Life in the Czech refugee detention centres:
No insulin for a diabetic, police violence, lies about interpreters, nightly police raids with dogs
8. 10. 2015
At the Prague Main Railway Station, we meet a man from Somalia who has just been released from a Czech refugee detention centre, say volunteers Daniela Horáková and Agneška Polášková in Deník Referendum. He tells us that his wife is still being detained in Bělá. When Czech police arrested them on 19th August, it split them. The husband was sent to the Vyšní Lhoty detention camp, his wife was sent to Bělá. During his detention the Somali man demanded that he should be re-united with his wife, without success. He was eventually released without being able to contact his wife.
The Czech activists later meet his Somali wife in the detention camp in Bělá. She constantly weeps, is in depression and does not believe she will ever be released and reunited with her husband. The woman is a diabetic and she has not been given a single dose of insulin for a whole month. As a result of her untreated diabetes, she has serious bruising on her legs. She is not being given food appropriate for a diabetic so for the only thing she has been eating for the past four weeks is dry bread. She says that when she was detained by the Czech police in Břeclav, she was beaten up.
The Somali woman speaks good English. Her file is written in Czech. When she was given it, she had to sign a declaration that the decision to detain her was explained to her by an interpreter speaking Arabic. It was not true, there was no interpreter.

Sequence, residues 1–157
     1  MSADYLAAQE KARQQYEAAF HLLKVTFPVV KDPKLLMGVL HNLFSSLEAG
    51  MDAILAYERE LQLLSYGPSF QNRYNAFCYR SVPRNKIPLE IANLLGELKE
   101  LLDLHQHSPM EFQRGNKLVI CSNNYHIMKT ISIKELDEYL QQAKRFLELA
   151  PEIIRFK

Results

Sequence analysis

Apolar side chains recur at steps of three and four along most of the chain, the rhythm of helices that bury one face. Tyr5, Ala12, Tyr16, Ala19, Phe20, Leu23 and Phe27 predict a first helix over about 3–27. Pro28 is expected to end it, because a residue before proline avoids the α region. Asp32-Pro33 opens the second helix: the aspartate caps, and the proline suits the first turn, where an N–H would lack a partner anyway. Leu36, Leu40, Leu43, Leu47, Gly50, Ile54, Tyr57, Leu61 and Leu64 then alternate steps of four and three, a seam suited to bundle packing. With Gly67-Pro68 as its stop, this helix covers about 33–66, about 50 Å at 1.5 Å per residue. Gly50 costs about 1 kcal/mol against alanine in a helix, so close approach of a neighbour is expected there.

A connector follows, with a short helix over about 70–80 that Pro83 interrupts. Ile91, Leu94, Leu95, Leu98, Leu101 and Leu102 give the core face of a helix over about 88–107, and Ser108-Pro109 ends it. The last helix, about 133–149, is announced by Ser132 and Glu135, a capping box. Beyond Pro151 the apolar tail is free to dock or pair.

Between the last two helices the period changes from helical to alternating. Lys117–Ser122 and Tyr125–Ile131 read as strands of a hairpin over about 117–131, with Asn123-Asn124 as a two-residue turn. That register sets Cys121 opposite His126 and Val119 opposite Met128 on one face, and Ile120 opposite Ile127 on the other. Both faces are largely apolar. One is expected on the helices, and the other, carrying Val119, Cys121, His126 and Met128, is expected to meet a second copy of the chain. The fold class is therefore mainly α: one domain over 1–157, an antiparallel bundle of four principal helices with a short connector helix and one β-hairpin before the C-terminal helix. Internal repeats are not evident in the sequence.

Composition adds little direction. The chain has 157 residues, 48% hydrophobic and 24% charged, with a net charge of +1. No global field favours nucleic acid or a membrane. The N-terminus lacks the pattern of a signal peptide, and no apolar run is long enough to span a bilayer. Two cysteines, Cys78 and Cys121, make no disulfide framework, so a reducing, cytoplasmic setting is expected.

Two other Somali detainees in the Bělá detention camp have been forced to sign a declaration that the official decision to detain them has been explained to them by an interpreter speaking Arabic. This was also a lie. Anyway, the refugees from Somalia do not speak Arabic.
One refugee was held in the Vyšní Lhoty detention camp for 122 days. Another refugee was taken to a doctor in handcuffs in the presence of four policemen. Policemen with dogs regularly carry out night inspections in the cells where the refugees are held. These night inspections frighten the children.
One refugee asked a prison warden for warm clothes. In response, he was grabbed by a group of five wardens and thrown to the ground.
All the refugees complain of small food portions. On release from the detention centres, they are unable to eat a normal portion of a warm meal. All the refugees testify that the Czech police has confiscated all their money and has not returned it. They are only given 400 Czech crowns (some 15 euros) to buy a train ticket to Prague.
Many refugees report that while they were being detained, they were banned from leaving their cells. Most refugees have been held for approximately two months.
Source in Czech HERE